At the Daily Beast, Matthew Yglesias has a bad feeling about the way Senate Democrats are going about passing financial “reform” legislation—rushing it through in much the same way they rammed though health care “reform”:
It means we’re looking at a bill that punts on many of the biggest issues. It means that neither the broad public nor the narrower circle of policy elites and experts and semi-experts have a firm grasp of the relevant questions. And this in turn means that we’ve got a bill whose main premise is that we need to trust the same institutions and many of the same people who were arguably responsible for the crisis in the first place.
So far, so good. However, he then turns around and suggests that America’s recent adventure with ObamaCare offers three points in the “fairly strong” case for speed:
First, one lesson of health care is that lengthy negotiations can be sabotaged by bad faith. During the summer of 2009, Baucus held extended negotiations with Chuck Grassley and other Republicans who never signed on to any version of comprehensive health reform or offered any concrete proposals that would earn their votes. Instead Grassley, like Senator Olympia Snowe, offered vague complaints about the process and the need for more time. Meanwhile, hard-core conservatives hammered the non-existent proposal as containing “death panels” and all manner of evils and the Democrats were left with no specific bill to defend.
He’ll get no objection from me that Republicans largely failed to articulate compelling alternatives to the public, but why should any of them have “signed on to any version of comprehensive health reform” that the Obama Administration backed, if Republicans didn’t believe in those proposals’ ideological presuppositions? Further, suggesting that “bad faith” was primarily a GOP failing is a serious case of revisionism. To quote, well, me:
Throughout this entire process, the Democrats have tried to scare off substantive questions and disagreement with seething vitriol, have lied about serious flaws with the legislation, have bought supporters rather than convinced them on the merits, and have attempted to circumvent the democratic process itself. On healthcare and other issues, Barack Obama often insists that “the time for talk is over.” (All of this, incredibly, for a bill many Democrats couldn’t even be bothered to read before passing.)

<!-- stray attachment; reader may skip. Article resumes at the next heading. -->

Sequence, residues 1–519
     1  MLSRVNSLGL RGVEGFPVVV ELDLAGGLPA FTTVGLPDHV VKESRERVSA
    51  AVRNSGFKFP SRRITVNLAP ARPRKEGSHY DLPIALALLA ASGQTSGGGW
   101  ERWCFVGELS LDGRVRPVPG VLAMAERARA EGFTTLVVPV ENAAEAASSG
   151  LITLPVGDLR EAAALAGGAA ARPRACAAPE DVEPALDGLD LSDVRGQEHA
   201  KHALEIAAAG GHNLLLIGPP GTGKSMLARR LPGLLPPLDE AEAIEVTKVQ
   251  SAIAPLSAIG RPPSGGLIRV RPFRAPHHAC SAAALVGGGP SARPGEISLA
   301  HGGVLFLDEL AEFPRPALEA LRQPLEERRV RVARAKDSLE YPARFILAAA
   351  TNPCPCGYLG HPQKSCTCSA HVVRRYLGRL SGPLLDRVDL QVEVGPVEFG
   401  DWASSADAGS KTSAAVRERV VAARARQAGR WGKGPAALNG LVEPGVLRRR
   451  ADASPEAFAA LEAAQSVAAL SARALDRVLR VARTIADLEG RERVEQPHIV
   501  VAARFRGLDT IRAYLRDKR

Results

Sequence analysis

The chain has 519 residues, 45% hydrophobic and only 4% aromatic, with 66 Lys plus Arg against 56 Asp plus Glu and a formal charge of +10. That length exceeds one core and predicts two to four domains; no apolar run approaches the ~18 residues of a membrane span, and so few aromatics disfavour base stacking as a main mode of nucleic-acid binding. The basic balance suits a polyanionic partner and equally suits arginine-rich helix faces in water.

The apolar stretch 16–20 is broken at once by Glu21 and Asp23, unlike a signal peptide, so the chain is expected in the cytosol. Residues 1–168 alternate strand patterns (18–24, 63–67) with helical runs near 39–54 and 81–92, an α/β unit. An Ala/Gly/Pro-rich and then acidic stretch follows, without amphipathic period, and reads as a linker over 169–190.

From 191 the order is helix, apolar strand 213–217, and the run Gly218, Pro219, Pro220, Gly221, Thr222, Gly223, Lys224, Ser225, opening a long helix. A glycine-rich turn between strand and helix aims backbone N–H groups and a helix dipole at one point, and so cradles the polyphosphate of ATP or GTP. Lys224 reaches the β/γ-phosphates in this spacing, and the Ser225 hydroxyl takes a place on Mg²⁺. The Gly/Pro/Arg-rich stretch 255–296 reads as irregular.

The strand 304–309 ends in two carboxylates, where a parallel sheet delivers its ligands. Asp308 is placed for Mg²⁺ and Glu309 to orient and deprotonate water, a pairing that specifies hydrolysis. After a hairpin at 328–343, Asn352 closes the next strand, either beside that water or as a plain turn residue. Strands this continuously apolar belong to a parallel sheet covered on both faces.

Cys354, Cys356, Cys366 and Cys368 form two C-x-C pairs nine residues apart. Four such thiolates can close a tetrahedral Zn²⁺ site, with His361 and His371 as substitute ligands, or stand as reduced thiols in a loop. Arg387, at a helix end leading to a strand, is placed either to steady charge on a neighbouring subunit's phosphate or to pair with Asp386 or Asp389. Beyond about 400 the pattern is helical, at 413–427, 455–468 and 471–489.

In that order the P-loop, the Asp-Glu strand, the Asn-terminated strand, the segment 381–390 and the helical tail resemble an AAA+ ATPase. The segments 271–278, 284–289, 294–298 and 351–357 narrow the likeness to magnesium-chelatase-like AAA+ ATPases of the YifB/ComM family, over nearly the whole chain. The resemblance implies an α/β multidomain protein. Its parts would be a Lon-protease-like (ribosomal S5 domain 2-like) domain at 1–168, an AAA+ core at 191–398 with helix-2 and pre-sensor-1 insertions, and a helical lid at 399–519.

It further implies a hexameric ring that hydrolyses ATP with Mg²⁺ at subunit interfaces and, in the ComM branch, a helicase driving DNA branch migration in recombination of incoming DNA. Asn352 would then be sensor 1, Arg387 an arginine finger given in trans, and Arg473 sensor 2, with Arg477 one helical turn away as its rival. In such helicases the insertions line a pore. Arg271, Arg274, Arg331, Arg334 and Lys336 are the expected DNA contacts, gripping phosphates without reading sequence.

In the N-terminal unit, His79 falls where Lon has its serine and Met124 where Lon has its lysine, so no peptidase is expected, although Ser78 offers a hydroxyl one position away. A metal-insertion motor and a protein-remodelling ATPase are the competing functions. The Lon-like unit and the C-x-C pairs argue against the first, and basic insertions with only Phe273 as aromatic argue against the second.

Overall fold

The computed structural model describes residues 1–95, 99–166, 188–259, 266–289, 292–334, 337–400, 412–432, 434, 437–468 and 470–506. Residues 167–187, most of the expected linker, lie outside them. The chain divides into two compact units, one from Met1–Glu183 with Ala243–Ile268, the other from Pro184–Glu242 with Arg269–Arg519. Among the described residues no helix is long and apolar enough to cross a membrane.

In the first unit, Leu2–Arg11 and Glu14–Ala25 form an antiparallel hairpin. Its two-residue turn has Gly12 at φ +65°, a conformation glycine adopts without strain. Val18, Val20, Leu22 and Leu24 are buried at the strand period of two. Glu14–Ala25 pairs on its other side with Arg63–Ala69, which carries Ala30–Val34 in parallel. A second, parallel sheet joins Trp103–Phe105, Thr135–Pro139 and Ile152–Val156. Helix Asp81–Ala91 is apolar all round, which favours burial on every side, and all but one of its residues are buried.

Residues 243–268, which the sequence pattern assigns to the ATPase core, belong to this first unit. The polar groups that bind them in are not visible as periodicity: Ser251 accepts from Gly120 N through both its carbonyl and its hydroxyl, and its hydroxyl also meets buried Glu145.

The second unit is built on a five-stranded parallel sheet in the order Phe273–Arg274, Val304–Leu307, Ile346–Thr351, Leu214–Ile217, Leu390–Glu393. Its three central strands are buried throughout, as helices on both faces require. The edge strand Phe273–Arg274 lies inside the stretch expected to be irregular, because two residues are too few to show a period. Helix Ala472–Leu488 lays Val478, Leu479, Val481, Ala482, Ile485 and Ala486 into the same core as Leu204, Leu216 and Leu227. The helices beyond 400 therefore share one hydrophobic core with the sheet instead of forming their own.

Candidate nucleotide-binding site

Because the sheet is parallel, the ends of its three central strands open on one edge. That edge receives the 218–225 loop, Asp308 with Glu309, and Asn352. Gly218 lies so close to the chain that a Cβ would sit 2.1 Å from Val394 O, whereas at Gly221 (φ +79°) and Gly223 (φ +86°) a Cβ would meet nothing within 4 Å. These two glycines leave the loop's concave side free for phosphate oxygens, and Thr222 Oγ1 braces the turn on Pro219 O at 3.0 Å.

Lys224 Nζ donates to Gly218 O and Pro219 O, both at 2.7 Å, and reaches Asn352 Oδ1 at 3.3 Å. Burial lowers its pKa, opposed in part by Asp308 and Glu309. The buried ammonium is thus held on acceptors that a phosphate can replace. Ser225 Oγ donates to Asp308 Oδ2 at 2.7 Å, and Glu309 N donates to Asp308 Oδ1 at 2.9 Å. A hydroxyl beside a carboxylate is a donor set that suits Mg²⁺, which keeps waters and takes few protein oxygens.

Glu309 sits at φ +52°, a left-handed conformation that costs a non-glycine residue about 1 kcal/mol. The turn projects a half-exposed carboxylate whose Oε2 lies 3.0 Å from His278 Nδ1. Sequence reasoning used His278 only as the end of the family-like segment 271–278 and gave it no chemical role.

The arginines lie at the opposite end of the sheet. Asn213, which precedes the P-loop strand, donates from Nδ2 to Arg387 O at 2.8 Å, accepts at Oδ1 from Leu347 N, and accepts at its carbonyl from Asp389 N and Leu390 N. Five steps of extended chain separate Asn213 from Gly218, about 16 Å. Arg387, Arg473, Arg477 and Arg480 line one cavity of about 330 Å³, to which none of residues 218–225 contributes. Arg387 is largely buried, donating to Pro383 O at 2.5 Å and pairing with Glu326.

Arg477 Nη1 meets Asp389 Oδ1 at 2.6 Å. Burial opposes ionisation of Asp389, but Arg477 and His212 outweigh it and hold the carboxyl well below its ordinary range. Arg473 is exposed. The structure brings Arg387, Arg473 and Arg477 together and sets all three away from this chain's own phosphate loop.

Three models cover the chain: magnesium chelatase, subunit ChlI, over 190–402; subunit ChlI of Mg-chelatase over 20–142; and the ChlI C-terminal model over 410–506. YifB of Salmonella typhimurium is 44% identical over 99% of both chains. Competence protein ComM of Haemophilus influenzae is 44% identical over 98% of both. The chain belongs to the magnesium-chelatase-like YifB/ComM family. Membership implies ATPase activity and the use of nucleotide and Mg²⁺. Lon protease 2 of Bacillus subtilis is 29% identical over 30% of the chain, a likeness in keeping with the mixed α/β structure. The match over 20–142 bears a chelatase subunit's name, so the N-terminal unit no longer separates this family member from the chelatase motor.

Yglesias’s second point:
[A]s the health care process dragged on, it was hard to say that the bill got better. It would be nice to think that deliberation would improve policy, but for the most part it seemed to lead to hostage-taking and shakedowns ending in the infamous farce of the Cornhusker Kickback.
Wait—so it’s the process’s fault that Democratic leaders turned to underhanded tactics to pass their bill? At best, Yglesias has demonstrated that no political process can fully circumvent the need for officeholders to possess character and prudence; this is not an argument against deliberation itself.
Indeed, since ObamaCare’s passage, we’ve learned all sorts of exciting things about the legislation. Gee, some deliberation would have been nice, wouldn’t it? It’s almost as if ideologically-driven politicians sought to deflect attention from the bill’s shortcomings or something…
Third, one specific concern I heard repeatedly from administration officials before the financial regulation ball really got rolling was that the issue was too complicated for the public to ever grasp in detail. The risk was that special interest groups, whose lobbyists are certainly capable of understanding legislation in a fine-grained way, could use an extended process to turn the bill into Swiss cheese, leaving us to pass a useless bill to much fanfare. Better to have technocrats write a decent bill, then let them ride public outrage at Wall Street to a swift and glorious victory.
This is perhaps the most disturbing point: if some issues are too complex for the people to “ever” understand, then why is Congress taking them up at all? The essence of self-government is that the people give their assent to all decisions that affect them, and retain the final authority to judge all such actions. America’s system of government was not designed for “technocrats” to write “decent bills” irrespective of the public’s judgment or comprehension.
It’s all well and good for Yglesias recognize that “on many aspects of financial regulatory reform, there’s no real consensus among reputable analysts about what should be done,” but it still presupposes that “reputable analysts” are the ones who should be doing the deciding. I’m no financial expert, and won’t presume to know how to tackle (if at all) the issues surrounding Wall Street, but I do know that the way we routinely discuss them shows we’re as far as we’ve ever been from a healthy understanding of how to govern.